7 Reasons Why Social Selling Is Like Dating

With Valentine’s Day just around the corner, it is time to reflect on our relationships–both of the romantic and professional persuasion. Because believe it or not, dating and prospecting have a lot in common.

Think about how your last romantic relationship started. My guess is that it didn’t start overnight. It took time and commitment to develop that relationship.

Well, the same is true for your sales relationships. Don’t believe me? Here are seven pieces of dating advice that you can apply to your social selling.

1. Know where you can meet people.

In the dating world, you have options for meeting new prospects. You can meet people at coffee shops, bars, art galleries, through friends, and on online dating sites.

On social media, think about where your prospects hang out. Are they on LinkedIn, Twitter, Facebook, or Google+?

If you don’t know, think about your latest customers. Search for them on social media sites like LinkedIn and Twitter. If they are on those sites, you might find more people like them.

2. Listen.

Before you begin engaging with a buyer, listen. You don’t want to put your foot in your mouth – just like you wouldn’t want to embarass yourself during a date.

So, observe your buyer’s behavior. What type of content does my prospect post? How frequently does my prospect post? What are my prospect’s interests? How does my prospect engage with people?

Use that information to inform your conversation. If your buyer isn’t effusive, don’t bombard her with emoticons and exclamation points. If your buyer doesn’t respond to every tweet, don’t freak out if he doesn’t respond to your tweet.

3. Play the field, but choose wisely.

When you’re dating online, you are presented with a smorgasbord of potential partners. If you choose just one potential suitor, you may end up disappointed if your interest does not return your affection. But if you try to pursue everyone, you will spread yourself too thin, and you won’t be able to develop any kind of relationship.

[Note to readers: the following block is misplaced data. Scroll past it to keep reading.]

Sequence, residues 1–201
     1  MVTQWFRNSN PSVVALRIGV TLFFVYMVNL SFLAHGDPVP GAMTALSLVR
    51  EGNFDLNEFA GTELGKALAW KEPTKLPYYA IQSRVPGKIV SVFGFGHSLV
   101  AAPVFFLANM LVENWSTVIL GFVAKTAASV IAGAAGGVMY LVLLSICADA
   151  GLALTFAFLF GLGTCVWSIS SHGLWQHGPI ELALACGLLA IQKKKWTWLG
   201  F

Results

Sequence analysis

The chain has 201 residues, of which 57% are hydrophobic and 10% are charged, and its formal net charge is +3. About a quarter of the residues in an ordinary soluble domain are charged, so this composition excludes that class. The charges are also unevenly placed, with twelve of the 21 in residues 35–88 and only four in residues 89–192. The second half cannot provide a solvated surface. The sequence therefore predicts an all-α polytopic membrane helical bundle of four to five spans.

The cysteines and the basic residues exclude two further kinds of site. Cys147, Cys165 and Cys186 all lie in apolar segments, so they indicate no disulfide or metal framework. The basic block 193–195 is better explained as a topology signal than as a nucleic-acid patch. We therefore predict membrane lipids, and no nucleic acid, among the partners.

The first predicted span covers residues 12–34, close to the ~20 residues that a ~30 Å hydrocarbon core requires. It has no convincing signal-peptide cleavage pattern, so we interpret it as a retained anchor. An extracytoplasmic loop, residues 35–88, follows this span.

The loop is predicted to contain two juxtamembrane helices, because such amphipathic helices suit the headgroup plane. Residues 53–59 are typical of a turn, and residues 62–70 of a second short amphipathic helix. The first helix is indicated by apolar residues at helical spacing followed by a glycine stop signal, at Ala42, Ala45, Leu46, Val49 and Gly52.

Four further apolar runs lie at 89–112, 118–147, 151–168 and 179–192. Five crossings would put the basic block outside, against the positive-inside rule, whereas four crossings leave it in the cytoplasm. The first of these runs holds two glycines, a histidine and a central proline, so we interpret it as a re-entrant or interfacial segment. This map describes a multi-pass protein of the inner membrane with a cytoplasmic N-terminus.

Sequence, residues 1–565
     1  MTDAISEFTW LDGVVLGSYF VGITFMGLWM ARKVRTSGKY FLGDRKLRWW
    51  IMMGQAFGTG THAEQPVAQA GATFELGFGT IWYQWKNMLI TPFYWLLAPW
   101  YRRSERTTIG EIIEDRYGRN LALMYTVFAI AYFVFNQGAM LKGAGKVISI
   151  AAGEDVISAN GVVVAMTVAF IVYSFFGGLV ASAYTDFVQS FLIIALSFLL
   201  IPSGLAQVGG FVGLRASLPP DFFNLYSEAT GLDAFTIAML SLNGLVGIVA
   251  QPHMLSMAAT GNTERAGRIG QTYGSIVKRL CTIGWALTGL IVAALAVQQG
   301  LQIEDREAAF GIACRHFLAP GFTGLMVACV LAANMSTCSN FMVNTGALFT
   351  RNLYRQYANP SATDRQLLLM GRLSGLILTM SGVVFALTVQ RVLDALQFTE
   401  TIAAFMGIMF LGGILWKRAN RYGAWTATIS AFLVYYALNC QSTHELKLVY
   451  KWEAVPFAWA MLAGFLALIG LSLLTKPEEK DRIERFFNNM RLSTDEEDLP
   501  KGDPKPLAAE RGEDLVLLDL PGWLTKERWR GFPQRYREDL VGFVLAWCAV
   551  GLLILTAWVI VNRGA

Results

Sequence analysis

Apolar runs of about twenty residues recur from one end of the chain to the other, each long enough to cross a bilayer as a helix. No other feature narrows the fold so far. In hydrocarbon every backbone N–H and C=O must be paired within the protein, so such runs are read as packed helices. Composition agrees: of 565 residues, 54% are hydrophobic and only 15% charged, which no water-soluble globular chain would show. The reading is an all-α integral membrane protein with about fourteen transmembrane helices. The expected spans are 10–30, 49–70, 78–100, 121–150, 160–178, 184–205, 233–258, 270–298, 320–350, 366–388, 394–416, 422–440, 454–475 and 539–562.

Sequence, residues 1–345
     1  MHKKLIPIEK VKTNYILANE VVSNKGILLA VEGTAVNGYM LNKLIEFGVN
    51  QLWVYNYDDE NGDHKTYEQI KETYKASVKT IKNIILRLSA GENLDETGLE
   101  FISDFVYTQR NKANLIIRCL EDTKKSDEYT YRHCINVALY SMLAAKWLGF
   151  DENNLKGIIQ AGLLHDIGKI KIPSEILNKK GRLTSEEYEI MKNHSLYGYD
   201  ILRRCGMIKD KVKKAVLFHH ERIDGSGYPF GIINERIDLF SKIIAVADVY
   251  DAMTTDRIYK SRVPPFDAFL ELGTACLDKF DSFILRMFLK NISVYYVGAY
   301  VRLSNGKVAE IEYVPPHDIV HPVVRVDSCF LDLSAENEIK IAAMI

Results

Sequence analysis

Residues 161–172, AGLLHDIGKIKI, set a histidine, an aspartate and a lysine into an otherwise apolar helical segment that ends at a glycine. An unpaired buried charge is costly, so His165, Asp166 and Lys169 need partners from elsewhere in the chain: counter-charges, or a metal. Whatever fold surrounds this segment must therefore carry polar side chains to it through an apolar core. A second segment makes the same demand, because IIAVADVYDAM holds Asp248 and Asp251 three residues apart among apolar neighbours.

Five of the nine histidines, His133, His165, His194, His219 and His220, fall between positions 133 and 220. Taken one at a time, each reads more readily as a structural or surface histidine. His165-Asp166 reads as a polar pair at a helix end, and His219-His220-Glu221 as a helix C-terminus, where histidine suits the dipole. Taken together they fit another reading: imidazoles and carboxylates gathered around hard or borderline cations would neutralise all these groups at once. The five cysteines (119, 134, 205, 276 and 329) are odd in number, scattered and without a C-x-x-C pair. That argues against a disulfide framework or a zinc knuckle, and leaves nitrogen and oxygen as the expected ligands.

Apply that same mentality to social selling. Don’t focus all your energy on one person. At the same time, don’t try to be everything to everyone. To help you out, you need to develop your buyer personas. What types of people should you be targeting?

Fill out a worksheet like this one to help you narrow your options.

To download this worksheet as an interactive PDF, click here.

4. A first date is not an audition for a marriage.

Your first date is just an audition for a second date. In most cases, it does not immediately lead to a marriage proposal. Similarly, your first interaction with someone on social media will not lead to an immediate deal. You need time to build a relationship with someone before you can seal the deal.

5. Don’t push too hard too soon.

Imagine this. You go on your first date. He treats you to a lovely dinner at your favorite restaurant. You flirt. You laugh. And then you scream. At the end of dinner, he kneels down, whips out a ring, and proposes to you.

Bam! Your first date is ruined. Too much, too soon.

Now, let’s recast that scenario for social selling. You strike up a conversation with a prospect. You treat her to some great content. She’s eating it up. You continue to talk. The emoticons are flying. Then, you go in for the hard sell right away. “Do you want to buy my product?”

Bam! You just scared away your prospect. Too much, too soon!

Make sure you assess where the buyer is along the sales funnel before you pitch the person on your product. Do they know they have a problem? If they are still unaware of their problem, you can’t sell them a solution.

6. Don’t be creepy.

In the twenty-first century, you’re going to search for both your dates and prospects online. As a salesperson, you should do some research before speaking to a prospect. (See rule number 2.) However, you don’t want to take that too far.

On a sales call, be careful not to mention everything you found out about the person.

“I saw your adorable picture of your puppy on your Facebook profile.” Creepy, why were you looking me up on Facebook?

“Did you know that we have 25 LinkedIn groups in common?” Kind of weird. Why do you remember that detail? And is that pertinent to our sales conversation?

“Your content is so good on Twitter. I retweet everything you say.” Eek! Tone down the eagerness, bucko!

7. Develop your skills.

Some people are naturally suave and debonair. They were born with an innate ability to charm the socks off of people. Others need time to cultivate their dating skills.

Don’t expect to be immediately good at social selling. It might take some time for you to develop your talents. Be patient. With time and some coaching, you’ll find the right prospect at the right time.

Want more social selling tips?

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